Silverlight and WPF code reuse pitfalls.

The idea is really great: Write your code once, and reuse it across all your platforms. This is one of the great things about .NET. I can reuse business logic in ASP.NET, Mobile, Desktop, Embedded devices, Phones, Web services and so on. Usually the only difference is the UI that behaves a little different on the various platforms.

With WPF and Silverlight, even the UI code can be reused between Desktop and Web, since Silverlight is a subset of WPF. That means that any Silverlight code should be able to run in a WPF application, right? Well at least that’s what Microsoft keeps telling us, and you will fine numerous blog posts discussing it. However, in reality it’s not that straight forward. I’ve been trying to reuse some Silverlight code in a WPF application, and ran into a lot of headaches. What I found is that Silverlight is NOT a subset of WPF and .NET. It is a completely new framework with the subset as a design goal, but Microsoft made several mistakes, some even so bad that fixing it in either WPF or Silverlight would cause a breaking change. In other cases the XAML syntax is incompatible different. This means that you won’t get around using several compiler conditionals and duplicate XAML files.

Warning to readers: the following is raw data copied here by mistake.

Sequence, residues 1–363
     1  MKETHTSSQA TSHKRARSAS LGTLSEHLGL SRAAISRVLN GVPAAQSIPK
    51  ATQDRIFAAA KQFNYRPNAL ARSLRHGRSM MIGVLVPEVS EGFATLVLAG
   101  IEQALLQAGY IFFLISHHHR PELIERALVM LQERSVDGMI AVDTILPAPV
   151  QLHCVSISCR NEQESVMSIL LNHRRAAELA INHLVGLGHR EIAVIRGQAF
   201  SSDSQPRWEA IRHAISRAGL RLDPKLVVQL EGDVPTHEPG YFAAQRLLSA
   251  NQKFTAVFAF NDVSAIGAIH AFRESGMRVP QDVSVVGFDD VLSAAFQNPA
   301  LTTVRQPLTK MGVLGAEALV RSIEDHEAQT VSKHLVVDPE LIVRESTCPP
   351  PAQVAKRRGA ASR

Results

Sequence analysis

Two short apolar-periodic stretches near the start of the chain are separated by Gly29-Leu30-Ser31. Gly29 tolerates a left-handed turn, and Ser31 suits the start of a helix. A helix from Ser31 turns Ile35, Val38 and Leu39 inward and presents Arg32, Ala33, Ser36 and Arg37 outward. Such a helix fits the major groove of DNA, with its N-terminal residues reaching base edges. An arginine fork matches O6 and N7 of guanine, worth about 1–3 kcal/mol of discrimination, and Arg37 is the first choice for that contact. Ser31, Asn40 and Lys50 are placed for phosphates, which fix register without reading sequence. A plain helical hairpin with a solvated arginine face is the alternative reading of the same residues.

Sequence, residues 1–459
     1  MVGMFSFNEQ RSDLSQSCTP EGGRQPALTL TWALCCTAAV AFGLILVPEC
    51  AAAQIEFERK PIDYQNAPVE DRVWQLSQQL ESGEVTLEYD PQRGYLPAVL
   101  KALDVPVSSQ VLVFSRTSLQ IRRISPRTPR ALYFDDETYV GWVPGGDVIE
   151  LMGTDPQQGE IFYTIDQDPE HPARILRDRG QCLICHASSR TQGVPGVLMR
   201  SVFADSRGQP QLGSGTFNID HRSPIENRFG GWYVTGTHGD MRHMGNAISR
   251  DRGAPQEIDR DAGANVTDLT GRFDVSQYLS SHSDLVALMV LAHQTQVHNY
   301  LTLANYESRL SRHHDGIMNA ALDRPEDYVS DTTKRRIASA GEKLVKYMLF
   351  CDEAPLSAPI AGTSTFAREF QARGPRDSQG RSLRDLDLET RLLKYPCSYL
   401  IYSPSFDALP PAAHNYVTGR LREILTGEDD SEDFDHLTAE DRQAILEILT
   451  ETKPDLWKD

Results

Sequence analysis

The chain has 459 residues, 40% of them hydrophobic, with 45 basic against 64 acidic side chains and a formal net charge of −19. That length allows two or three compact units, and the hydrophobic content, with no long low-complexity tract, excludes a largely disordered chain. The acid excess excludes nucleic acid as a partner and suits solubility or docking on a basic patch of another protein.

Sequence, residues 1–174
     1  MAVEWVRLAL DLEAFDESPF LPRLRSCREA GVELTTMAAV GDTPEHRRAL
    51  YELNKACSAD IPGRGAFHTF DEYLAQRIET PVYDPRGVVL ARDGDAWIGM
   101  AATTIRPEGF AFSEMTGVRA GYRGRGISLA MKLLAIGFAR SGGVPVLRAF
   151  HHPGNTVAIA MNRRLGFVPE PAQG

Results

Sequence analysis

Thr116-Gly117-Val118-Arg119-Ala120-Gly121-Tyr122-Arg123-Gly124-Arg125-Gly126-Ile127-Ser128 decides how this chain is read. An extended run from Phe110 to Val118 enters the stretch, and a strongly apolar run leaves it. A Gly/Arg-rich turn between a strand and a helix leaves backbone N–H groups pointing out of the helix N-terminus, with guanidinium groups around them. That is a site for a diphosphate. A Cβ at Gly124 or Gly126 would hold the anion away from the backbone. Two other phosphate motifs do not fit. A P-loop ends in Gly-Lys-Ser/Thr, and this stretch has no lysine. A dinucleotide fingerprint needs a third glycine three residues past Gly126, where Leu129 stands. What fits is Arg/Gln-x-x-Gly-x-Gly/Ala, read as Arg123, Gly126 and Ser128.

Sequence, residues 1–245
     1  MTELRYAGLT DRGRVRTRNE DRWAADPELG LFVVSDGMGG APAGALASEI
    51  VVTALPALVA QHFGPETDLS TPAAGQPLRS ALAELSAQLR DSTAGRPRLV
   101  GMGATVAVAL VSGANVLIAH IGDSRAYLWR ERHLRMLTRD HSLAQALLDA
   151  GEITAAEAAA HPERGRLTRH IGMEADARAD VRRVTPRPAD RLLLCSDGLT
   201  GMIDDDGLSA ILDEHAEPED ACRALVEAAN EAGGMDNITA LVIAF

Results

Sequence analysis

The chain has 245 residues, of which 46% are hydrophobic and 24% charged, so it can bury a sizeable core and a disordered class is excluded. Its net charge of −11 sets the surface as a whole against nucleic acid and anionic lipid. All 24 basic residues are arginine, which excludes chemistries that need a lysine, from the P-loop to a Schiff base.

Below is a list of some of the things I’ve run into, and I’ll try and add to it if I found more. I you know of more, or find errors or explanation to differences please add comments below.

For code that is only for Silverlight I have declared a SILVERLIGHT compiler conditional. so anything inside a #if SILVERLIGHT block is Silverlight only code, and vice verse if it’s in #if !SILVERLIGHT or #else it’s for WPF.

As a side note, the following blog posts discusses some good practices for reusing the same code files in your WPF and Silverlight projects: Sharing source code between .NET and Silverlight. However it hardly deals with code differences like the ones below.

Loading a bitmap